The power spectral density of the base shears and the overturning base moments can be expressed as follows, based on (25):
The power spectral density of the overturning base moments and the base shears in the standard model can be calculated using (26). Figure 6 shows the results.
(a) PSD of the base shears of the tank with the VIS and the uncontrolled tank
(b) PSD of the overturning base moments of the tank with the VIS and the uncontrolled tank
and are defined as the ratios of the base shears and the overturning base moments, respectively, to simplify the curves of the power spectral density and intuitively compare the benchmark and uncontrolled tanks. Figure 7 depicts the curves of and , implying that the base shears and the overturning base moments of the tank with the VIS simultaneously decrease during the shortperiod external excitation and increase during the longperiod excitation. With the increase in the external excitation period, the dominant period can be close to the first period of the sloshing mode, which is an essential and larger modal participation factor of the base shears and the overturning base moments.
4. Design Example
Based on the abovementioned discussion and the establishment of the tank calculation model under the control of the VIS, MATLAB is adopted to write the optimization program for the demandbased calculation. In the optimization process, the target index is optimized using the nonlinear constrained optimization algorithm in a MATLAB toolbox. This algorithm is compiled to obtain a constrained minimum of a scalar function of several variables starting from an initial estimate. This is typically referred to as the constrained nonlinear optimization or nonlinear programming.
Based on the discussion of Luo et al. [21], the tank controlled using the hybrid method can be effectively controlled during earthquakes. The actual tank vibration control is frequently based on the preset tank geometry. Therefore, the tank with an aspect ratio of 1.5 is selected as the benchmark. Table 1 lists the design conditions of the tanks at different sloshing height ratios. Parameter , which is set as 1.5, is included in the optimization calculation to ensure the dominance of the mass block in the VIS.
 
KanaiTajimi’s spectrum [26] was adopted as the seismic input power spectrum. “Severest seismic (SS) excitation” implies that the predominant frequency of seismic excitation is equal to the first natural frequency. 
Table 2 lists the optimization results of each parameter and illustrates that the parameter optimization design under white noise excitation is similar to the other types of noises. In addition, it shows that white noise can be used to simplify the optimization design.

A series of time history dynamic analyses were conducted based on the optimization results for group WN1 to verify the controlling effect of the optimally designed VIScontrolled tank. The targetbased baseline correction method can correct the inconsistent vibration acceleration signals [30, 31]. Figure 8 shows the selected earthquake waves. Figures 9–12 depict the representative time history response curves, which illustrate that the sloshing height response of every tank is effectively controlled by the VIS. Figure 13 presents the corresponding maximum sloshing heights. Meanwhile, Figures 14–17 illustrate that the base shears and the overturning base moments of the tank with the VIS are effectively reduced under the excitation of the El Centro, Kobe, and Coalinga earthquakes. In the case of the ChiChi earthquake, the base shears and the overturning base moments are observed to increase in the longperiod earthquake. Figures 18–21 illustrate that the output force is higher in the early stage of earthquake excitation and decreases as the earthquake continues. Through parameter optimization, the output force can be effectively reduced under the premise of setting the vibration control target. In addition, the dynamic analysis results confirm the validity and the efficiency of the demandbased design optimization method of tank control.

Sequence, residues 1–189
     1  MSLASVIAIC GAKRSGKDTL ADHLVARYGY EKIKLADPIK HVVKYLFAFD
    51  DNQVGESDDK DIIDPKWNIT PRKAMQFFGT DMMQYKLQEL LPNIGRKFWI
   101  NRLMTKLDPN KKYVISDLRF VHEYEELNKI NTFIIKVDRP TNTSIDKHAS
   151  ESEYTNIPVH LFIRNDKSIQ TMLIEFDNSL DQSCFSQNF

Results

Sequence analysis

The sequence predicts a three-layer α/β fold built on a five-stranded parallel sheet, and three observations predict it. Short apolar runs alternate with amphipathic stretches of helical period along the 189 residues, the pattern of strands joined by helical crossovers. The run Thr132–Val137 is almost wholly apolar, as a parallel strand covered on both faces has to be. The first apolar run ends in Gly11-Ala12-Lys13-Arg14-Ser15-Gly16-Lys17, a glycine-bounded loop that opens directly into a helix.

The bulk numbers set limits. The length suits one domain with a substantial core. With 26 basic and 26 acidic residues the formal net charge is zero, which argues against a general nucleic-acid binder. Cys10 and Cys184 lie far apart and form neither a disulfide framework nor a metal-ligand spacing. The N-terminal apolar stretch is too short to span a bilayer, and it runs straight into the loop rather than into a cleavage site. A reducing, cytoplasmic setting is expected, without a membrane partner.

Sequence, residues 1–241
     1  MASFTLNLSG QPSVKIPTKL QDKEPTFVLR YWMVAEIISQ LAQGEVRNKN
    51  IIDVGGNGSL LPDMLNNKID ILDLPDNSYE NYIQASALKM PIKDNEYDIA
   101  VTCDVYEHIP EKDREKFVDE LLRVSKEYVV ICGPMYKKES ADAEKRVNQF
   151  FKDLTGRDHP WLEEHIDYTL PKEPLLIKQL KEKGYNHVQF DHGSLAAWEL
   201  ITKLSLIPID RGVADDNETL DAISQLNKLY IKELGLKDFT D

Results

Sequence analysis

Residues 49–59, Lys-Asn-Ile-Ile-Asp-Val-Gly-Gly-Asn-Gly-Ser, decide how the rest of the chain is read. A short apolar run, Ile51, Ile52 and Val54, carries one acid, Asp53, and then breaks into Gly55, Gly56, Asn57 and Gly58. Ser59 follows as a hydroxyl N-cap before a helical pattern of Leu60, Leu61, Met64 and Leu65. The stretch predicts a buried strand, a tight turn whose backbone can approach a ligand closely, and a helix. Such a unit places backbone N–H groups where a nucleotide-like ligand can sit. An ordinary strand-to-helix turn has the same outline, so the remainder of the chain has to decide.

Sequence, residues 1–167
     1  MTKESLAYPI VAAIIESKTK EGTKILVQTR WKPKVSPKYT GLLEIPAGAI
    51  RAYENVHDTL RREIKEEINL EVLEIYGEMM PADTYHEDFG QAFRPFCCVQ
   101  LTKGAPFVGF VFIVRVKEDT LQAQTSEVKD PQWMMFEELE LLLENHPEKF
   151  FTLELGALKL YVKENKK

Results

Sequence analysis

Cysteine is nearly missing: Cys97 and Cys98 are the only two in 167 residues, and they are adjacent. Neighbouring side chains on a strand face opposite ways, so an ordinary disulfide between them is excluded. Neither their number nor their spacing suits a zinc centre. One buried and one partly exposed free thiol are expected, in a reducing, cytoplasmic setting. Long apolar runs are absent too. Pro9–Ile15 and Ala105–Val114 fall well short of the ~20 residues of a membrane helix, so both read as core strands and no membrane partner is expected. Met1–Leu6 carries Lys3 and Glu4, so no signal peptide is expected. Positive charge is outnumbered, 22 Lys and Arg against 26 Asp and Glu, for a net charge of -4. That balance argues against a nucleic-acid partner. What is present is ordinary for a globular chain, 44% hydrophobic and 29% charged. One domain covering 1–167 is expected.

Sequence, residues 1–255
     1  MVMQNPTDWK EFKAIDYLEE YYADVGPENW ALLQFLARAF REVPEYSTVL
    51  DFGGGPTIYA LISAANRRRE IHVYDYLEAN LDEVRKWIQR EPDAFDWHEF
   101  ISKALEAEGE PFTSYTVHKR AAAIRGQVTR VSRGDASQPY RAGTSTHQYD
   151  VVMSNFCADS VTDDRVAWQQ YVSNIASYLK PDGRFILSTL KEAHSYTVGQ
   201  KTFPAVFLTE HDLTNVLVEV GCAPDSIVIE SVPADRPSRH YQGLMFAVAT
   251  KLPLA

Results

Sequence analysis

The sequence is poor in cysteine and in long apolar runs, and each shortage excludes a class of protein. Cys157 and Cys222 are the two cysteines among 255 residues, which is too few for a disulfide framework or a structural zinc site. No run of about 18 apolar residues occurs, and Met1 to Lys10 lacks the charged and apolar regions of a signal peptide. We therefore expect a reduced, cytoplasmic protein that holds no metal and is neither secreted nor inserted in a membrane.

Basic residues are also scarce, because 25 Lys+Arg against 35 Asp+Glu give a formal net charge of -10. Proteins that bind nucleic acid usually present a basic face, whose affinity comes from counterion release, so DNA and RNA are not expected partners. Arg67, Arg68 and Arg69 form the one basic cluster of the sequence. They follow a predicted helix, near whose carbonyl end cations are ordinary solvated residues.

5. Conclusions
This study proposes an optimal design method based on the tank vibration performance and applies this to the optimization of tank control with an inerter system. This design method provides an effective solution for the parameter optimization design of the VIS and overcomes the problems in existing design methods. Based on the theory of stochastic vibration, the optimization program is compiled based on selected optimization indicators. The effectiveness of the method is also proven through a time history analysis. The following conclusions can be drawn from the study:(1)The optimal design of VIS control should achieve a balance between response control and provisioning costs. The demandbased design approach proposed in this study can minimize costs and ensure that the response does not exceed a given limit.(2)White noise excitation can be used to design the tank with the VIS under seismic excitation and simplify the calculation.(3)The VIS is an effective structural control device for reducing the sloshing height responses of a tank system under dynamic excitation, such as white noise and earthquake excitations.(4)The parameter optimization design of the storage tank is based on the nonlinear optimization of a specific control objective in the feasible region of each parameter. Typically, the optimum design parameters for the tank are a combination of the upper limit of parameter and the other parameters. The storage tank with the VIS can be effectively controlled at a low cost to a considerable extent under the premise of small values.